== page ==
Why were Ströer shares resilient compared to other short selling targets of Muddy Waters?
It’s possible that some investors were less willing to fully accept an analysis of a non-Chinese company by Muddy Waters. The report itself used slightly less strong language in terms of accusing the company of outright fraud than in previous cases such as with Sino-Forest and NQ Mobile. Finally, it’s possible that much of what the research picked up on was basic sloppiness in accounting but not a conspiracy to mislead investors.
Prothena Corp (2017)
Muddy Waters turned its attention to biotech stock Prothena (ticker: PRTA), a company developing a seemingly promising drug for a condition known as AL amyloidosis, which had no available cure. The potential for a proven therapy would be a major success for the company and one that its entire enterprise value was tied up in. Wall Street seemed to expect a positive outcome for Prothena’s drug results and as a result, the company’s shares traded as high as $67 per share in the weeks leading up to Muddy Waters report casting doubt on its main drug.
Muddy Waters’ criticism of the Ireland-domiciled Prothena was multifold: it questioned not only the efficacy of its main drug for treating AL amyloidosis, NEOD001, and allowed that even if it was wrong, the pricing model for such a niche drug would not allow the company to hit its best-case sales targets that Wall Street seemed to be pricing in.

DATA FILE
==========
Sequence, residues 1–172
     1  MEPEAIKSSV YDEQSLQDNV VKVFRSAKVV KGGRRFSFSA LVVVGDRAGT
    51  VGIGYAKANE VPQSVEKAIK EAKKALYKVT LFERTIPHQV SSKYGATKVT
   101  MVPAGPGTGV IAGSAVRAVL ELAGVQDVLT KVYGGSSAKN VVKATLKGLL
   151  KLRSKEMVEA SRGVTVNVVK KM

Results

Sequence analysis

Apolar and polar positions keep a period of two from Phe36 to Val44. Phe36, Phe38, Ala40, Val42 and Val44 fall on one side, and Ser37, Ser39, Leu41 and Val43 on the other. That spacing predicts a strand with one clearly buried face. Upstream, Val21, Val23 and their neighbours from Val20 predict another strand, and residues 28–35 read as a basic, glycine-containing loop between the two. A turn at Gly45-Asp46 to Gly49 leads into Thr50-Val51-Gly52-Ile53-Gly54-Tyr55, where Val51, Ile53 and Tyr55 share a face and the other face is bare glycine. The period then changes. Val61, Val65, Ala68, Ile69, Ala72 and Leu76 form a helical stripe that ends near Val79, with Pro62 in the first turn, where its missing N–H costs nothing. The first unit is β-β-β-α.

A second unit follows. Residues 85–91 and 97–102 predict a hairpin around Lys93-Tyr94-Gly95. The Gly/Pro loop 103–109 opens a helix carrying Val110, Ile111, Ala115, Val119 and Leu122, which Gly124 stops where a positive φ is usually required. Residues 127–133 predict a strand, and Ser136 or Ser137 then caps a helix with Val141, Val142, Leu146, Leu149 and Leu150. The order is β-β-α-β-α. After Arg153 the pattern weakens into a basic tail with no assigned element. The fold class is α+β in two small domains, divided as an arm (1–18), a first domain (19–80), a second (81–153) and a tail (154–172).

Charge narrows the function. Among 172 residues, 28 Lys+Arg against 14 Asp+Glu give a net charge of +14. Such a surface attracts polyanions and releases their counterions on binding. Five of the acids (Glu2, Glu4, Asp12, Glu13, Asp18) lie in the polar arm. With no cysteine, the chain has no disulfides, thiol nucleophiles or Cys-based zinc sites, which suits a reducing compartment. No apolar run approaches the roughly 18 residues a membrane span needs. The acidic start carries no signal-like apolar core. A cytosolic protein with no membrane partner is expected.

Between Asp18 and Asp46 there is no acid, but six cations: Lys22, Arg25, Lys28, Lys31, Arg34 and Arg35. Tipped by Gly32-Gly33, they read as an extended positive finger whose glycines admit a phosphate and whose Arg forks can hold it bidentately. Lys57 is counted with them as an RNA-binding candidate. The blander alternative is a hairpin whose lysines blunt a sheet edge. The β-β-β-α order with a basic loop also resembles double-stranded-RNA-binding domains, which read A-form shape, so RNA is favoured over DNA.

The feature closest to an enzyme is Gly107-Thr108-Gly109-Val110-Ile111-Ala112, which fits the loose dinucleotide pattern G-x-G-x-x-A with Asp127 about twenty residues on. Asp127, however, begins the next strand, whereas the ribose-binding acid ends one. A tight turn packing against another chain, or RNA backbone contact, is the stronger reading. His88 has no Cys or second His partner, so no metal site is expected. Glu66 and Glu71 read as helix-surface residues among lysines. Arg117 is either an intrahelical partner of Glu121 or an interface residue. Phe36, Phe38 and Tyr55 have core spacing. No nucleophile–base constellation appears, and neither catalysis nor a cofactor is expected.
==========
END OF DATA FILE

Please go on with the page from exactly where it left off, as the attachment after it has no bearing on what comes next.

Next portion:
Unfortunately for Prothena, their one hit wonder drug was indeed a dud, as Muddy Waters alleged in their report. In April 2018 Prothena’s shares plunged 70% in a classic biotech crash, as NEOD001 failed a crucial clinical trial.
Prothena, while still trading today, is a shell of its former self, with its shares trading at a fraction of previous highs in 2017.
The result was an enormous win for Carson Block, and a huge loss for Prothena’s main backer, Neil Woodford, a UK-based fund manager who held 8.6% of Protehna’s shares at the time of the failed trial and began a major fall from grace for one of Britain’s most notable investors. In fact, the Prothena episode was just a prelude for more drama related to Muddy Waters, as the short-seller next targeted Burford Capital, Woodford’s second largest holding in his fund portfolio.
Burford Capital (2019)
Burford Capital, a UK-based specialist in litigation finance, which funds lawsuits and then takes a percentage of any subsequent settlements, came under fire from Muddy Waters on a number of fronts. The bearish report accused Burford of grossly misrepresenting its return on capital, questioned its accounting and even took issue with the firm’s CFO being married to the CEO.
The bad publicity from being targeted by Muddy Waters had an immediate and predictable impact on Burford’s share price, which dropped 65% in the 24 hours after the bearish report was published.